The numbers through the first few months of the year paint a grim picture: A collapsing housing market plus a slowing economy equals a shortfall that could be somewhere in the neighborhood of $800 million in the current fiscal year. And that's not even getting into the budget that lawmakers will be crafting for next year.
Because some areas are off limits for various reasons (mostly related to protections established by voters through the initiative process), some of the choices that have been laid out by the staff of the Joint Legislative Budget Committee are stark.
Do all those low-income kids really need health insurance? Do universities really need all that money? Do we really need to widen freeways? Can't we cut back on some of that K-12 education funding?
Even some Republicans are less than enthusiastic about some of those ideas, although their options are limited, especially if they're reluctant to dip deeply into the state's rainy-day fund or borrow money for projects such as school construction, as Napolitano has suggested.
One thing that's not going to happen: a reversal of the hundreds of millions of dollars in income-tax cuts in recent years--even though the biggest payout went to Arizona's wealthiest residents, while the average earner got less than 50 cents a day.
Reversing--or even suspending--that tax cut would require the support of two-thirds of the Legislature, which is, simply put, politically impossible with this gang. When House Minority Leader Phil Lopes floated that idea in the morning daily a few weeks ago, even Napolitano said it was off the table.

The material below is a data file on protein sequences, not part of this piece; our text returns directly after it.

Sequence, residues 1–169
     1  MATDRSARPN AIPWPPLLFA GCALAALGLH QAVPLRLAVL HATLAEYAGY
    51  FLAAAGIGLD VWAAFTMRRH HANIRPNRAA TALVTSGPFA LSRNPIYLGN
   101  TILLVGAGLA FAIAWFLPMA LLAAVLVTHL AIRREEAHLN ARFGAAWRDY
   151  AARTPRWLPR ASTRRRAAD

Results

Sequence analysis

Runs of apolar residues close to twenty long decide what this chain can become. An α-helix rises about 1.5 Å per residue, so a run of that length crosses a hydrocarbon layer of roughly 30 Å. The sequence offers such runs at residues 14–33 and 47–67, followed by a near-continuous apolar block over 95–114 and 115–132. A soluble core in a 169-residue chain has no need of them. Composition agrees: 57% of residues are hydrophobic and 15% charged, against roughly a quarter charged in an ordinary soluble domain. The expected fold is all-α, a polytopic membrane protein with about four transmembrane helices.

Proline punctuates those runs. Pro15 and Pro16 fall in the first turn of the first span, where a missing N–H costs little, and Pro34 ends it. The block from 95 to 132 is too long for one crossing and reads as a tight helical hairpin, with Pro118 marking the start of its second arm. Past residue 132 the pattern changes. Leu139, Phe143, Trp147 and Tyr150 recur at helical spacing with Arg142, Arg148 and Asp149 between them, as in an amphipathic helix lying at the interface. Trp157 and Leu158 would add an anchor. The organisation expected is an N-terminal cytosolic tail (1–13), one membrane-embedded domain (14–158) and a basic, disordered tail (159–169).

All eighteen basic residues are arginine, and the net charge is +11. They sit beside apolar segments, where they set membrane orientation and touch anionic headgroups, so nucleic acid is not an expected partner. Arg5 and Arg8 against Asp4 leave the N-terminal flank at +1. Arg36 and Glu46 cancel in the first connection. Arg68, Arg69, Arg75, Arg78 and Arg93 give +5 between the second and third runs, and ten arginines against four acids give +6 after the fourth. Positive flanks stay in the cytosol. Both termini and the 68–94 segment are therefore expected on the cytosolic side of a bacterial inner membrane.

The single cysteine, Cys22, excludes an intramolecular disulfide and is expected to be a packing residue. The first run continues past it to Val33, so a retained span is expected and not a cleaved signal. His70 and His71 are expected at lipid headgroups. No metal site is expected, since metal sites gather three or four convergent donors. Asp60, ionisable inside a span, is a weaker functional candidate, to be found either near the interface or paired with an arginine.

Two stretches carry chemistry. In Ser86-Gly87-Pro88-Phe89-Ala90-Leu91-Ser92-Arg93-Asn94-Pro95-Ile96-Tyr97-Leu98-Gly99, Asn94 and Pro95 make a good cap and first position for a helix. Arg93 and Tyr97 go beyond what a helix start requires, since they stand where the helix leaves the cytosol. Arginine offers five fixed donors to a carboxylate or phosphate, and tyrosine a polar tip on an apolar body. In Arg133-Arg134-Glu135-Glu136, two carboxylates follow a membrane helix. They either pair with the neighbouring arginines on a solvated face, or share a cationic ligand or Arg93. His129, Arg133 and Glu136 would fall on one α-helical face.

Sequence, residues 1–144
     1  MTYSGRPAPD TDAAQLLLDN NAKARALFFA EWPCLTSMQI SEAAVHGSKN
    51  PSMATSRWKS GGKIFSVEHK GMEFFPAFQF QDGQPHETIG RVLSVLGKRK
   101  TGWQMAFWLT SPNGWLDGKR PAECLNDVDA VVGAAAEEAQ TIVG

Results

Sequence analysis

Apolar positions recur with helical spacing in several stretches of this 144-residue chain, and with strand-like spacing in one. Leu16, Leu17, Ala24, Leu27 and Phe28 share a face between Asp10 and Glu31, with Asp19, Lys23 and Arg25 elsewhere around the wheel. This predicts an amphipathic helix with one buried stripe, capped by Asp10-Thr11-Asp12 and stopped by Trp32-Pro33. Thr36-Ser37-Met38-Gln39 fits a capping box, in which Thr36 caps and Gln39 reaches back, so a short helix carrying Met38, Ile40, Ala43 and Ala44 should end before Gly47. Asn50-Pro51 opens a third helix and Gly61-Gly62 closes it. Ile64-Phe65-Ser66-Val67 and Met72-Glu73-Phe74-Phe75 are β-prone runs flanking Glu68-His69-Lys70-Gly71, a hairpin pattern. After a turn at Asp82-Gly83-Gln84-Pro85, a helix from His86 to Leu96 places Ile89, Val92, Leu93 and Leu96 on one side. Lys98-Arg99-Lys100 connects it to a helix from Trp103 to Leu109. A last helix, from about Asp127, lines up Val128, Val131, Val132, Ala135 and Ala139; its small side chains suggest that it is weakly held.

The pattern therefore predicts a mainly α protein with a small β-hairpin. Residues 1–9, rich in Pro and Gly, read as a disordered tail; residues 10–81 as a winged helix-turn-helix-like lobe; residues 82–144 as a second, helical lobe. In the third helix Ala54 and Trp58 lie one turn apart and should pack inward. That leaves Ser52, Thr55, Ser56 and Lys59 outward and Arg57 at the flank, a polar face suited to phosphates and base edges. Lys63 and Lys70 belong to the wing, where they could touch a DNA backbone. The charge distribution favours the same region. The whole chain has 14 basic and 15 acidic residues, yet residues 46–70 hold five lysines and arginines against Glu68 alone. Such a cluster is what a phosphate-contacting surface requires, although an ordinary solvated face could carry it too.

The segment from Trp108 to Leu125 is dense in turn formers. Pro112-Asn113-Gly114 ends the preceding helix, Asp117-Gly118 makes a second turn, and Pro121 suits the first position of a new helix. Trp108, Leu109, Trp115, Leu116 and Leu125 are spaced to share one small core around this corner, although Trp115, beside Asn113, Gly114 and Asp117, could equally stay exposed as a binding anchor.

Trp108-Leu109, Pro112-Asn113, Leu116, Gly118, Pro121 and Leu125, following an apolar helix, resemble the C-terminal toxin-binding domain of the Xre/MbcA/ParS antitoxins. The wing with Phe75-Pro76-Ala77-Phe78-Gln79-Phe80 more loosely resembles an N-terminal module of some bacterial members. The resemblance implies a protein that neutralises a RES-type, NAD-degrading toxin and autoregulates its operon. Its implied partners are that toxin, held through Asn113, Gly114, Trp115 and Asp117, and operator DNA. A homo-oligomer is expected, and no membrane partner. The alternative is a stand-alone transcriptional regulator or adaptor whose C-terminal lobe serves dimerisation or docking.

Napolitano wants to dip into the state's rainy-day fund, borrow some money for school construction and make strategic cuts--so strategic, in fact, that she hasn't let us know what she's talking about yet.
The unhappy numbers are adding up to a contentious session. State Sen. Tim Bee might end up regretting his decision to stick out his term as Senate president rather than resigning to concentrate on his expected campaign against Congresswoman Gabrielle Giffords.
Now the state is in a financial mess, and it won't be easy for lawmakers to extend those property-tax breaks. But if they don't, homeowners will see yet another property-tax jump in a year when the exemption expires.
That will add to the property-tax anxiety many people have been feeling as they've been watching their assessed values climb. Although some jurisdictions have at least tried to trim rates to compensate for rising values, others have not, which has meant that most people are paying more in property taxes every year.
Knowing that the state property tax is going to come back will just add momentum to various initiative efforts to freeze or roll back home values for taxing purposes, à la California's Prop 13. Already, three groups are gathering signatures for various ballot measures.
This is lousy policy, because over time, it totally skews the property-tax system, creating gigantic inequities based on when you bought your home rather than your home's actual value.
But it's also appealing to voters who are angry over property-tax hikes, which is why making the state's break permanent would have been the smarter move.
Why? Well, the Legislature can't increase the gas tax, because so many Republicans have signed pledges or otherwise promised to never support raising taxes.